Businesses are operating in a climate of volatility and uncertainty resulting from a broad range of factors – from the current global pandemic to the unprecedented pace of technological change, disruption, geopolitical risk, and slow economic growth. In such an environment, cultivating a strong corporate culture from the top level all the way down through the organization is key. It is a topic high on the agenda of business leaders and regulators. 

One of the fundamental roles of leadership is to create and maintain a culture that reinforces the company’s core values, encourages employees to do the right thing, and helps drive the company’s long-term strategy. Culture, done well, can be a powerful driver of organizational performance.

Given the importance of maintaining a healthy corporate culture in a challenging business and risk environment, we interviewed directors and subject matter experts from around the world to gather their perspectives on the board’s role in helping to reinforce, assess, and oversee the corporation’s culture.

In this edition of Global Boardroom Insights, we share their insights, which we hope will help you to facilitate robust boardroom discussions about the challenges and opportunities related to corporate culture oversight in your own organizations. While their individual views offer varying perspectives, some universal takeaways emerged from the discussions that should be worthwhile for all boards to consider. By making culture a regular item on the board agenda and asking the right questions, directors can help to ensure that culture supports business strategy.

Key interview insights

  • Culture is not simply a once (or twice) a year discussion. Corporate culture should be part of the board’s agenda and ongoing conversation throughout the year.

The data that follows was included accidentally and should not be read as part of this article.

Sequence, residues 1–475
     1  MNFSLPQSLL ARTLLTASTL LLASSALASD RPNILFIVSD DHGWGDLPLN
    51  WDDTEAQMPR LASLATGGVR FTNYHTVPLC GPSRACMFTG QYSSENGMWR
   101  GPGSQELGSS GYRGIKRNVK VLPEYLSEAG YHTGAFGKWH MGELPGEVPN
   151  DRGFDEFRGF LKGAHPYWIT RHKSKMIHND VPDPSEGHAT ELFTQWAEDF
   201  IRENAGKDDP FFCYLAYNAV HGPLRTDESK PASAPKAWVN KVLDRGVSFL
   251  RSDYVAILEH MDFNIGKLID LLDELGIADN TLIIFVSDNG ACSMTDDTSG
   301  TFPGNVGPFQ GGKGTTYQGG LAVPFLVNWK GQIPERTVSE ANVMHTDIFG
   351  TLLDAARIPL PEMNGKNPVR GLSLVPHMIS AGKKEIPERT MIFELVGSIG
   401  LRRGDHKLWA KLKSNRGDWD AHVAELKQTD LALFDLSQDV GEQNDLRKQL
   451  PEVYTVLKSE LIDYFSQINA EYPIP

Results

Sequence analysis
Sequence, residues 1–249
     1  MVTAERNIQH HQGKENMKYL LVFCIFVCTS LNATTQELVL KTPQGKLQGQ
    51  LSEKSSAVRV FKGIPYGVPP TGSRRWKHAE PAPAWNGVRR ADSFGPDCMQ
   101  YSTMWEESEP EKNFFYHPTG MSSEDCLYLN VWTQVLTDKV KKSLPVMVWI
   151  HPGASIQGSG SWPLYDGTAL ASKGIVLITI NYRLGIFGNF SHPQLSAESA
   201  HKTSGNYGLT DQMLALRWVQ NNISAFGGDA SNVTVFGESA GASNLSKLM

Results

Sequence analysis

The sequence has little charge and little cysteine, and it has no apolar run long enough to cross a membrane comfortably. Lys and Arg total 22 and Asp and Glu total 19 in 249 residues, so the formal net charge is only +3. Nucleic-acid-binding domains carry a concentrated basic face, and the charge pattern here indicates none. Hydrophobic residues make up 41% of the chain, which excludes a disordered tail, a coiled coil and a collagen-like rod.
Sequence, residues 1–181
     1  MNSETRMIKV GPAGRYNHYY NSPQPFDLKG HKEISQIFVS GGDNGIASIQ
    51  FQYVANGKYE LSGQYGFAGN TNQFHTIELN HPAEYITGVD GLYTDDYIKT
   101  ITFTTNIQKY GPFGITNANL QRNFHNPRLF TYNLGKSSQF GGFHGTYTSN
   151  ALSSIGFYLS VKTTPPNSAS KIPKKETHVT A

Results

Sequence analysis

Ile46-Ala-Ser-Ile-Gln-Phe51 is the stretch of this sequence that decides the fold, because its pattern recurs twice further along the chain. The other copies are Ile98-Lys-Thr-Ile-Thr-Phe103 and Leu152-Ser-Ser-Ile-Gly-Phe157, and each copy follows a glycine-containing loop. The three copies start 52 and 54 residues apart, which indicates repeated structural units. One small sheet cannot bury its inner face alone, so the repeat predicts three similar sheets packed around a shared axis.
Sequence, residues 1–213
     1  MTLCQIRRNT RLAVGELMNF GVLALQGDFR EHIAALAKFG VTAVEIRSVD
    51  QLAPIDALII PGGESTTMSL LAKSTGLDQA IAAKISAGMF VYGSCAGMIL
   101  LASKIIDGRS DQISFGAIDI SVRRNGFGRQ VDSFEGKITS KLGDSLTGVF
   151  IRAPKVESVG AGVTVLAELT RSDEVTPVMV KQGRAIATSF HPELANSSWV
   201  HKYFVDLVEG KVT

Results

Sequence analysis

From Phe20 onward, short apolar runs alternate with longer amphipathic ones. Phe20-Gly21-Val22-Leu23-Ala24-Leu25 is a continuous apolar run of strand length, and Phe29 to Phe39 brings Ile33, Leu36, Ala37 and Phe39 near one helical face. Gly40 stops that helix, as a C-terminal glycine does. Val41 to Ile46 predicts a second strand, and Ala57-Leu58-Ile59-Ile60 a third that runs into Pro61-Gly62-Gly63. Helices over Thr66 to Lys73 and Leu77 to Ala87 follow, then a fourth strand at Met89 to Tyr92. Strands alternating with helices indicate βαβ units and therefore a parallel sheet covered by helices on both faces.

• Strategy, risk, and culture should be tightly connected. Culture needs to be embedded in the company’s decision-making processes, including strategic thinking, risk management and compliance, performance, and the incentives driving these activities.
  • Culture should start at the top and cascade down through all levels of the organization. In addition to its monitoring role, the board plays a critical role in helping shape the tone at the top by modeling the behaviors leadership wants to drive.
  • Make sure the board is getting an unfiltered view of the company’s culture. Ensure robust reporting processes are in place, including capturing red and yellow flags as well as indicators of “good” culture.
  • Leverage internal audit to help assess and monitor culture. Consider incorporating a culture/values assessment in the annual internal audit plan to help measure whether/ how employee behavior and practices reflect the company’s culture and values.


Read the full publication, here below

Connect with us